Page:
Friday, May 8, 2009

But first, a bit about Saint Francis —

 Saint Francis of Assisi is one of the most beloved figures in history, but not everyone is sure of exactly who he was.

 Francis was born about 1182 in Assisi, a walled town on the slope of Monte Subasio in central Italy. It was the High Middle Ages, when the feudal attachment to the land was giving way to a more commercial way of life in which everything had a price. Loyalties of every kind were shifting as the old political, religious, and cultural hierarchies adapted to the power of money.

 Francis was born into a family made wealthy and influential because of the new way of life. He had a charming personality and a talent for commerce, but a good heart and a longing for romance. He sought happiness through carousing with his friends, dressing extravagantly, and even riding off to battle time and again, but he found nothing but an unfulfilled yearning within himself.

 He began to leave the safe walls of Assisi to climb Monte Subasio, where he would tuck himself into a narrow cave and search his soul for answers. Eventually, his prayers and reflections led him to a life devoted to the poor and to extreme personal poverty. He became an itinerant preacher who begged for food and had no home. But his joy was so contagious that thousands chose to follow him.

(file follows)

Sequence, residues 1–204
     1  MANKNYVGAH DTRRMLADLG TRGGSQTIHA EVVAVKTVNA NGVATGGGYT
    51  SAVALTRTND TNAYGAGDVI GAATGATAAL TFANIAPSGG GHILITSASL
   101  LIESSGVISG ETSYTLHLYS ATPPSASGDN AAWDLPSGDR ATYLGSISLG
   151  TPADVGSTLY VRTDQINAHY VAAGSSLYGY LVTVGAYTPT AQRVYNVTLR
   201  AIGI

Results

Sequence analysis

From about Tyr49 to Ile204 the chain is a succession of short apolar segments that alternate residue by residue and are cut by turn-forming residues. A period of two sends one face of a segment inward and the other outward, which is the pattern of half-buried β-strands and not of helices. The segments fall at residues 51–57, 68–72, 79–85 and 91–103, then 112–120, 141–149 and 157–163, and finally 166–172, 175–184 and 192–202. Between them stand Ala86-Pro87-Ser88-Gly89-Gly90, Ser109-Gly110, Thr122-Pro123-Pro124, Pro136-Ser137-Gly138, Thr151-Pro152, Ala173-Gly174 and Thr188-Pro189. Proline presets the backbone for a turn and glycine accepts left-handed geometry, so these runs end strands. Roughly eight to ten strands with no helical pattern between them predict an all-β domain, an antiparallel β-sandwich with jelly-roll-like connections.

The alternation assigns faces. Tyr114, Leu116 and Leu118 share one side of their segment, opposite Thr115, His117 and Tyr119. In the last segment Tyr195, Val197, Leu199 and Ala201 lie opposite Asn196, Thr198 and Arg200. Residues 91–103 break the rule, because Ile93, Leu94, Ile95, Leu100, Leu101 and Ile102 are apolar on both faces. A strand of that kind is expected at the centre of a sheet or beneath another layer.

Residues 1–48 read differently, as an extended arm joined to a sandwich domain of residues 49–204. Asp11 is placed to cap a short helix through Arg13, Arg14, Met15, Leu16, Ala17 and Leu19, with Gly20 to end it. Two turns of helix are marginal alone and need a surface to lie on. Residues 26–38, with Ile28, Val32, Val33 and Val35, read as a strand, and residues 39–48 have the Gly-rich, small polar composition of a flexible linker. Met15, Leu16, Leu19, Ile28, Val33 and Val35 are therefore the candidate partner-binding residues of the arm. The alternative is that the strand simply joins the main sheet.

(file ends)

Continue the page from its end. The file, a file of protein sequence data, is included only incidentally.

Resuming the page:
Although there were struggles, frustrations, and disappointments in his radical way of life, Francis found renewal and strength in the natural world, for “the Creator cannot be seen but can be known through Creation.”

 Francis divided his time between preaching and prayer, staying out alone all night in the forests to commune with God, urging all creatures to join him in praising their Creator.

 As lifelong lovers of the natural world ourselves, Tom and I have always wondered about the companions of Saint Francis on his extraordinary journey. Who were the plants, the animals, and even the stones and the clouds that he loved as brothers and sisters?

We have come to Francis’ homeland to meet them ourselves.

1 comment:

  1. Susan and Tom,

    Finally getting into reading your journals.
    I liked the story of St Francis. He sounds like the European version of Milarepa the famous Tibetan meditator.

    Time alone in nature preferably the wilderness, is essential it seems for peace of mind an open heart and true enlightenment.

    Great images as well. What a wonderful adventure for you both